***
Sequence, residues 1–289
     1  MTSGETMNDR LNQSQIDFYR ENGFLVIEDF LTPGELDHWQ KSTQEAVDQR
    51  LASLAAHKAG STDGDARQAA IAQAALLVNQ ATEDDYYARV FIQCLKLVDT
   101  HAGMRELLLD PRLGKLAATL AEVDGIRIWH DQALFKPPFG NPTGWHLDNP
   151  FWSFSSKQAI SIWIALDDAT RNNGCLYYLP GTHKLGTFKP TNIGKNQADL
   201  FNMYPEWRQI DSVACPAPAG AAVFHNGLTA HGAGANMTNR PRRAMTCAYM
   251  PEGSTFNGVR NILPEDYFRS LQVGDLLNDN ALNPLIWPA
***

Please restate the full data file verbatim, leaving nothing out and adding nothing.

Sequence, residues 1–289
     1  MTSGETMNDR LNQSQIDFYR ENGFLVIEDF LTPGELDHWQ KSTQEAVDQR
    51  LASLAAHKAG STDGDARQAA IAQAALLVNQ ATEDDYYARV FIQCLKLVDT
   101  HAGMRELLLD PRLGKLAATL AEVDGIRIWH DQALFKPPFG NPTGWHLDNP
   151  FWSFSSKQAI SIWIALDDAT RNNGCLYYLP GTHKLGTFKP TNIGKNQADL
   201  FNMYPEWRQI DSVACPAPAG AAVFHNGLTA HGAGANMTNR PRRAMTCAYM
   251  PEGSTFNGVR NILPEDYFRS LQVGDLLNDN ALNPLIWPA